The search for a male contraceptive (search) has taken an unexpected twist. Researchers may have found a way to prevent sperm from swimming forward, which could lead to a new form of birth control that doesn’t tamper with men’s hormone levels.
Once ejaculated, sperm swim forward toward the egg cells to fertilize them. Disabling motility (search) of the sperm may provide a new form of male contraception that is nonhormonal.
“We were very surprised at this finding,” says Deborah O’Brien, PhD, of the University of North Carolina at Chapel Hill’s medical school, in a news release.
O’Brien and colleagues discovered that a certain chemical, only found in sperm cells, is needed to generate the energy sperm need to swim forward. The researchers studied mice, but male humans have a similar enzyme.
The mouse chemical has a long name — glyceraldehydes 3-phosphate dehydrogenase-S — and a much shorter abbreviation, GAPDS. In humans, it’s called GAPD2.
In lab experiments, the researchers manipulated the gene that makes GAPDS in order to prevent mice from making the chemical. The mice were then unable to impregnate female mice, although their sperm counts and mating was normal.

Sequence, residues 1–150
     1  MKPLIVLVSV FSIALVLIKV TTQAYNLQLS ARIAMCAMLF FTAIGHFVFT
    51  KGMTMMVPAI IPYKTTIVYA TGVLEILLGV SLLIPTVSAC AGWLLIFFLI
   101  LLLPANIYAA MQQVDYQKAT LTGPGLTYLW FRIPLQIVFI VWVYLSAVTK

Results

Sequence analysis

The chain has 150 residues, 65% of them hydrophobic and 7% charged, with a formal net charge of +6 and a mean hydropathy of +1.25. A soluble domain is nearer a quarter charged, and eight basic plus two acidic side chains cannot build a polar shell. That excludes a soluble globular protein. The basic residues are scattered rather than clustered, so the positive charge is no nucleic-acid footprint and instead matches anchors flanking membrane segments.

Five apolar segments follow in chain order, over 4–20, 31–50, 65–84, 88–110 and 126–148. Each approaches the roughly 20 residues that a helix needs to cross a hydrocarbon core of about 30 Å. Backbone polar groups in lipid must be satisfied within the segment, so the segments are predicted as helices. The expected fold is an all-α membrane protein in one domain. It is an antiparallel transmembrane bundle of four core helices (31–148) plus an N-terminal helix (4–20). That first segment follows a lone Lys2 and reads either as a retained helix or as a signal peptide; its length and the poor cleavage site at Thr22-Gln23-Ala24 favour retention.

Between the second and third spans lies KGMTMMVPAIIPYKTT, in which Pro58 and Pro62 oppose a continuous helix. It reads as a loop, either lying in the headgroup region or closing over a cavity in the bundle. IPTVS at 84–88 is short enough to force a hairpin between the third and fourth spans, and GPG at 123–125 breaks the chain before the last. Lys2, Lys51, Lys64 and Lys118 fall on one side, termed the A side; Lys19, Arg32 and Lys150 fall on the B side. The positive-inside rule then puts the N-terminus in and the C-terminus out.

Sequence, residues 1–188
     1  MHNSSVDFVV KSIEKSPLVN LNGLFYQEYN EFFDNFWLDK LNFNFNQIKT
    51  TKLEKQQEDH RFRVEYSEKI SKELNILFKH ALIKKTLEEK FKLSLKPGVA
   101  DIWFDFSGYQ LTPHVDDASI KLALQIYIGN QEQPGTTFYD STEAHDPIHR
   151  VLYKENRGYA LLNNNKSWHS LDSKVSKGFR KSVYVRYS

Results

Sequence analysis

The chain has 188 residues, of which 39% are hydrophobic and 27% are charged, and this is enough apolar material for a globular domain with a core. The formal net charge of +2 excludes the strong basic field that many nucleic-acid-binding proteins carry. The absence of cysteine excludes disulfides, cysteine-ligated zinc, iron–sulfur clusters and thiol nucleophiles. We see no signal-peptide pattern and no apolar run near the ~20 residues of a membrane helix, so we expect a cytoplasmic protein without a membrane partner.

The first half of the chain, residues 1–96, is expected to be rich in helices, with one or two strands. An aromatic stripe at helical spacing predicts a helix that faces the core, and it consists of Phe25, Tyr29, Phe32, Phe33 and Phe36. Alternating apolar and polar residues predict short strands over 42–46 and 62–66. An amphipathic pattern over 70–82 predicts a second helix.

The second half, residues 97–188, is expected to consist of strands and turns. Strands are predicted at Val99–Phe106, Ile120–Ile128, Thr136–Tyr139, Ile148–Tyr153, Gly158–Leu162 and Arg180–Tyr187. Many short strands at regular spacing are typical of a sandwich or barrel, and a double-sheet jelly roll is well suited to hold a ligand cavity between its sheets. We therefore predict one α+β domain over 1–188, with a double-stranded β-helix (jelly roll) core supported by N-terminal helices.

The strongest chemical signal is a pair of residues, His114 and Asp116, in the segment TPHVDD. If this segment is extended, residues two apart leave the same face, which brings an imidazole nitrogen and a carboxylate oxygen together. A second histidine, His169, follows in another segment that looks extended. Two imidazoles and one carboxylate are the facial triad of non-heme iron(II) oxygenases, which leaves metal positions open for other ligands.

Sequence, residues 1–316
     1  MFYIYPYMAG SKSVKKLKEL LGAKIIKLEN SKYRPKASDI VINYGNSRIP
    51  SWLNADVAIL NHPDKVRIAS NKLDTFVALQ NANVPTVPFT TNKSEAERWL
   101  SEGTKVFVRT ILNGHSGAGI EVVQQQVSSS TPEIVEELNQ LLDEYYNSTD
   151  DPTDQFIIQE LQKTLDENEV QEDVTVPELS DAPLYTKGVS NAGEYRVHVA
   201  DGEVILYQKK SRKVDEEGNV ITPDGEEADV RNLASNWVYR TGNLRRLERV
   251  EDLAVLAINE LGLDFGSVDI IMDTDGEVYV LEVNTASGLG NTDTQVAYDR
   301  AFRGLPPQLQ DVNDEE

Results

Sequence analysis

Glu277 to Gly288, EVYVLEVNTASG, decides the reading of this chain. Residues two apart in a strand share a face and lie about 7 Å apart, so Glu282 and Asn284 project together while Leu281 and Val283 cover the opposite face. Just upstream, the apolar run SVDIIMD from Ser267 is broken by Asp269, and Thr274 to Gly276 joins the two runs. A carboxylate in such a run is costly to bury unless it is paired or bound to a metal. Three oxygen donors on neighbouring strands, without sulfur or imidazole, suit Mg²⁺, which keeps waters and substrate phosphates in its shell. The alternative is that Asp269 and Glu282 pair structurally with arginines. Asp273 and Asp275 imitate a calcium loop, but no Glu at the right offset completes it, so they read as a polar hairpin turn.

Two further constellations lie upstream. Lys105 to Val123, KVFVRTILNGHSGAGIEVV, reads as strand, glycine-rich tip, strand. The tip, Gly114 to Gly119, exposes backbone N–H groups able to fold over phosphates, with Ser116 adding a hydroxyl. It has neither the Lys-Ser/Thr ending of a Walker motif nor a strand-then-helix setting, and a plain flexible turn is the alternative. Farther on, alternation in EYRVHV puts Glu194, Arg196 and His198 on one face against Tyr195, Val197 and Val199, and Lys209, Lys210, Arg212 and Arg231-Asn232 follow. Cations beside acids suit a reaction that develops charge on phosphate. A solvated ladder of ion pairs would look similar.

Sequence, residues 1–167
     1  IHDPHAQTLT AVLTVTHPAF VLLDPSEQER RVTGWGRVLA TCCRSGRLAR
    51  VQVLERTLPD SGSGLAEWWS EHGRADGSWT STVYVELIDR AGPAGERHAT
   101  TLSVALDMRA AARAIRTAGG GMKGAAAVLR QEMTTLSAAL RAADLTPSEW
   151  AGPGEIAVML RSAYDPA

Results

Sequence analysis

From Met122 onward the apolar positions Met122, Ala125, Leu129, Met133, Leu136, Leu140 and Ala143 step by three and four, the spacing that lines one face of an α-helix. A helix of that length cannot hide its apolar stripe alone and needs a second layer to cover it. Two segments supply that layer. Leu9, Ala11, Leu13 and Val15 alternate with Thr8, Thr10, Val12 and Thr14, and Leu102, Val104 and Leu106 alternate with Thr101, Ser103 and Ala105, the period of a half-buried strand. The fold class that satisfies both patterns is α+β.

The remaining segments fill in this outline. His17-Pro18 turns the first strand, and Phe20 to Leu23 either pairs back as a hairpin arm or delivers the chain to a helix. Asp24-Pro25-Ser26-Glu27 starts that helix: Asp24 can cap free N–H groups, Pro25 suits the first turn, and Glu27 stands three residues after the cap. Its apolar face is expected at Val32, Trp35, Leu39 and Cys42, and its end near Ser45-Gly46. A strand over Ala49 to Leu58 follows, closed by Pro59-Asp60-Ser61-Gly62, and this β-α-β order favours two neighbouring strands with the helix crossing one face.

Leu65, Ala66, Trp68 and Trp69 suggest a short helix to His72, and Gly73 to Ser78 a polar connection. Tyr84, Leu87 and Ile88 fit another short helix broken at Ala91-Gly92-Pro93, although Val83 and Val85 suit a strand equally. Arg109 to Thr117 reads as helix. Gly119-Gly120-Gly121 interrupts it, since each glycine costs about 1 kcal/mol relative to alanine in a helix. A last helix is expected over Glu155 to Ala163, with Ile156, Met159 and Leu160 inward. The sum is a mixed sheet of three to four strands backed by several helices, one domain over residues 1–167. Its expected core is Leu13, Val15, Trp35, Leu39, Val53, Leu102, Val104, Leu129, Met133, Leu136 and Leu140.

The researchers found that without GAPDS, the sperm of the mice could only bob sluggishly from side to side, but couldn’t propel forwards to fertilize the egg of the female mice.
At present it is unclear whether the chemical deficiency would also lead to sperm having the inability to penetrate and fertilize eggs if placed in contact with them.
If a drug could be developed that has the same effect on humans, it could create a male contraceptive that doesn’t affect hormone levels.
A drug based on the same idea could also be deposited in the female reproductive tract to stop sperm movement, says Louis De Paolo, PhD, of the National Institute of Child Health and Human Development, in a news release.
The finding could also influence studies and treatments of male infertility.
A recent study of more than 1,000 sperm samples from infertile men showed that “81percent had defects in motility,” which is the forward motion sperm need for egg fertilization, write the researchers.
Their study appears online in the Nov. 16 early edition of the journal Proceedings of the National Academy of Sciences.
Meanwhile, other researchers are working on hormone-based male contraceptives. In addition, scientists recently reported that a new immunization strategy might hold promise. But for now, short of abstinence, male birth control options are limited to condoms and vasectomies.
SOURCES: Miki, K. Proceedings of the National Academy of Sciences, online early edition, Nov. 16, 2004. News release, University of North Carolina at Chapel Hill. News release, National Institute of Child Health and Human Development/National Institutes of Health.